and other great forces out of Italy has been confirmed by the
two last posts thence.
The Dutches of Bois-le-Duc hold out, and every day make
sallies on their enemies. They are not wont to be so valiant,
nor could have stood thus long, but that they are in great hope
of succour. They have dismissed all the burghers and got their
chief wealth into their hands.
The two Hamiltons and one Jamy Shaw, Scots, arrived last
week at Namur out of Spain, by whom his Highness hath received
such news as seems much to content him. In sum, there is
nothing to be expected here but troubles, whatever speech of
peace there be. And if the Prince come not all the sooner,
things will go hardly.
The particulars of what Grobbendonck brought touching his
last negotiation, and of such posts as we have out of Italy, you
may see by copies I send.—Brussels, 15 September, 1577.
Add. Endd. 1 p. [Holl. and Fland. II. 96.]
Draft of the above. 1 p. [Ibid. II. 97.]
K. d. L. IX.
220. DAVISON to LEICESTER.
You may see what answer M. de Grobbendonck has brought
from Don John by the articles which I herewith send you, all
tending to no end but to hinder the Prince's coming, and entertain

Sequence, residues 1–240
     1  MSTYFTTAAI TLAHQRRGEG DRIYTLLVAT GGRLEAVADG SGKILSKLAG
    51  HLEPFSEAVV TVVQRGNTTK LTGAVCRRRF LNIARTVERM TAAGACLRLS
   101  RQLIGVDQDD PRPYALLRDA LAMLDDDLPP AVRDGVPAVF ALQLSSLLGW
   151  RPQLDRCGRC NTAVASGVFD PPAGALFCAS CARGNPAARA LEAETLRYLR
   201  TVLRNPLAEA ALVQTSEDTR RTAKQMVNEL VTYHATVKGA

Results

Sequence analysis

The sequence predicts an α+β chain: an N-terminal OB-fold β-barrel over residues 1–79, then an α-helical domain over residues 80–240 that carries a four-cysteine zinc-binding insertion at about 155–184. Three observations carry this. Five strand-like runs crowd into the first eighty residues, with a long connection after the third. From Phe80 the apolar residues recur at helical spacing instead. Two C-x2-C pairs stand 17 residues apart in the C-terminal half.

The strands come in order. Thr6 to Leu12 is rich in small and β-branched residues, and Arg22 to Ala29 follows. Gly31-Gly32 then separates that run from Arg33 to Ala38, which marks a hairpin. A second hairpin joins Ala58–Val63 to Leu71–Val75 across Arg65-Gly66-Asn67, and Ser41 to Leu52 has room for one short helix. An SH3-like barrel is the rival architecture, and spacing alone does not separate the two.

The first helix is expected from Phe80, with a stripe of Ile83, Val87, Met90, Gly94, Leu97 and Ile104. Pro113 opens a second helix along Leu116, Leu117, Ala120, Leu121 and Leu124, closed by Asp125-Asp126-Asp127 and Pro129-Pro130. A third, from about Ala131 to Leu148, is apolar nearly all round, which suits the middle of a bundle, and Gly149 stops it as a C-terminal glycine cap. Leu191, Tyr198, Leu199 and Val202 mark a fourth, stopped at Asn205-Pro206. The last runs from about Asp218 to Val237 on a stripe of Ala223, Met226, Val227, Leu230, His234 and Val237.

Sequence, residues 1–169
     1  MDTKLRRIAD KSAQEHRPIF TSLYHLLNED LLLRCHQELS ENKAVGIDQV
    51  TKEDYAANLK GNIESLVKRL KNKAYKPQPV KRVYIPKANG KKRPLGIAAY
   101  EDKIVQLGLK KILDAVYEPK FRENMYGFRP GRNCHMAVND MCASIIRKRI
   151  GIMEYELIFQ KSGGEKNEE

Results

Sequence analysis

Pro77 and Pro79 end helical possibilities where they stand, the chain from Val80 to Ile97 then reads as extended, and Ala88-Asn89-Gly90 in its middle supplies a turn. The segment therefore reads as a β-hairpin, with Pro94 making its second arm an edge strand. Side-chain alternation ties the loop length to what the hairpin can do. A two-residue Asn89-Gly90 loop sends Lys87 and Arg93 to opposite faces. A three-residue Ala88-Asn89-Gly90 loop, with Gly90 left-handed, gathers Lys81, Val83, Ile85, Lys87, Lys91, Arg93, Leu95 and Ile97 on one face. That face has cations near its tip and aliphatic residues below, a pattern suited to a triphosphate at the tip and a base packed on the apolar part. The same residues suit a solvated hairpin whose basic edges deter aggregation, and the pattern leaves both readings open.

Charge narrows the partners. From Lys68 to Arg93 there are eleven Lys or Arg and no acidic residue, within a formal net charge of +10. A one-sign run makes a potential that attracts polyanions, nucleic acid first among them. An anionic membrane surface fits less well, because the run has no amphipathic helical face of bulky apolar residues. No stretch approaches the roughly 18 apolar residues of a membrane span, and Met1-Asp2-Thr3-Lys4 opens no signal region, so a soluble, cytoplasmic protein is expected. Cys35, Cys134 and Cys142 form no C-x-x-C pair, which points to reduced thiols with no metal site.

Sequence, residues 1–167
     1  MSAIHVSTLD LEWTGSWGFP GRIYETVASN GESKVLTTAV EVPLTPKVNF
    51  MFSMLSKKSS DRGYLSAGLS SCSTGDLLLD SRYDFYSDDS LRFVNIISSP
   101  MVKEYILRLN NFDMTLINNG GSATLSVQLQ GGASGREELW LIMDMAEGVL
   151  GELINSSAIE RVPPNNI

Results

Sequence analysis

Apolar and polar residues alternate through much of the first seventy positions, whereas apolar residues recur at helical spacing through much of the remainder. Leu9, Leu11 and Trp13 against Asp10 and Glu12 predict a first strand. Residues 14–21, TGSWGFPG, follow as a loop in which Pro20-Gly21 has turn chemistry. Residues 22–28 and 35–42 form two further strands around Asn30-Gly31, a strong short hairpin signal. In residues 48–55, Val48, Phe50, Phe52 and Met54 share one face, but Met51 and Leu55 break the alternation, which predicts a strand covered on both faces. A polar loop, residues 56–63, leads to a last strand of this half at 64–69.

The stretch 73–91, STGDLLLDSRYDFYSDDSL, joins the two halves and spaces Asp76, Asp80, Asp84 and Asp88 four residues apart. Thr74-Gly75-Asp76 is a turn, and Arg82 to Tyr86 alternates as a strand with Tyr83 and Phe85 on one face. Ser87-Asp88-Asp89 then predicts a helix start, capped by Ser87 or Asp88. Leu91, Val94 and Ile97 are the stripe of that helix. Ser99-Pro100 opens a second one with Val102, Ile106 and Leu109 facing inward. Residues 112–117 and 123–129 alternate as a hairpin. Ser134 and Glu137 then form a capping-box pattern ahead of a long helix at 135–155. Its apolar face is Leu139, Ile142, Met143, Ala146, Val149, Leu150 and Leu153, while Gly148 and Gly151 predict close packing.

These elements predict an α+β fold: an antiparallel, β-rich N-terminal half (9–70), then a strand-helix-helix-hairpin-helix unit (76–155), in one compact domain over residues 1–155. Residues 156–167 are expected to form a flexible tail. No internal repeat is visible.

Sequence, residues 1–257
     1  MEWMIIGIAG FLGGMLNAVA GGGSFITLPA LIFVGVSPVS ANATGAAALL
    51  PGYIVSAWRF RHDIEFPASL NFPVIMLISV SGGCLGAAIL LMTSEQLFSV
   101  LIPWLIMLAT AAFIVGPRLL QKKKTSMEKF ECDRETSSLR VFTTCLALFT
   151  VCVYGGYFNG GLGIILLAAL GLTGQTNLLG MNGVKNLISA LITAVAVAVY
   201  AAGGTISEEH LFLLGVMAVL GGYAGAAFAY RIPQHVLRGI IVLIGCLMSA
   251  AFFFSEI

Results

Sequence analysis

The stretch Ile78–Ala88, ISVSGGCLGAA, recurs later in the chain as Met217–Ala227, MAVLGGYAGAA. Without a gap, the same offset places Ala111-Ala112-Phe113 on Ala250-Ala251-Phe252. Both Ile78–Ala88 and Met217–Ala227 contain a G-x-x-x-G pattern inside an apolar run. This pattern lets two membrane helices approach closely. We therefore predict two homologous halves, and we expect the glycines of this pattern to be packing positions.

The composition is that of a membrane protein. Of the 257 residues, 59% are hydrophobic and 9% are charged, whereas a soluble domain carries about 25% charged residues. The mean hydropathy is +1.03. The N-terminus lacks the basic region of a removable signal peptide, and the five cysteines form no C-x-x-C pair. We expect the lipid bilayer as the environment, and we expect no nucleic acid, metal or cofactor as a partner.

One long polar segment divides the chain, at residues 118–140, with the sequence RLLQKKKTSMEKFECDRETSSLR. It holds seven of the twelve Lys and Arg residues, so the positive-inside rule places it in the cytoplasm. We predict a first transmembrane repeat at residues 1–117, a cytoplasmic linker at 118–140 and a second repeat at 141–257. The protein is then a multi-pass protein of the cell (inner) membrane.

them with delays till his own forces are ready. Here is
no appearance but of troubles greater than the country hath yet
tasted of. If the government be not committed to the Prince
(upon which condition her Majesty may do well to assist them),
all will to havoc ; for of a multitude so different there is no good
to be hoped, nor without the Prince's undertaking of the cause
do I see how her Majesty can safely bestow her favour. I am
even now ready to take my horse to go to him at Gertruydenberg.
[Other information identical with the last letter.]
Draft. Endd. 1 p. [Ibid. II. 98.]
Another copy of the Estates' answer only, to articles presented
on behalf of Don John [No. 218].
Fr. 3 pp. [Holl. and Fland. II. 99.]
222. THE ESTATES to DON JOHN.
We have considered the last articles which your Highness has
sent by M. de Grobbendonck, and after mature deliberation conceived
our final intentions, approaching so near what your Highness
offers that no further difficulty ought to occur. Wherefore
seeing that the safety and quietness of this country is in your
hands, we beseech you will promptly agree with them, and shew
by effect what you so often have declared, how much you have
at heart the re-establishment of the Catholic religion, and the
obedience due to her Majesty. Your Highness may be assured
that we shall not fail in what we have promised, and are bound
to do in discharge of an oath of fidelity, as will be better declared
to you by the Bishop of Bruges, perpetual Chancellor of Flanders,
and M. de Willerval, whom we have deputed to set out with M.
de Grobbendonck toward your Highness.—Brussels, 15 September,
Copy. Endd, in French. 1 p. [Ibid. II. 100.]
223. INSTRUCTIONS given to the BISHOP OF BRUGES, M. DE
WILLERVAL, and M. DE GROBBENDONCK.
They will present the resolutions of the Estates on the last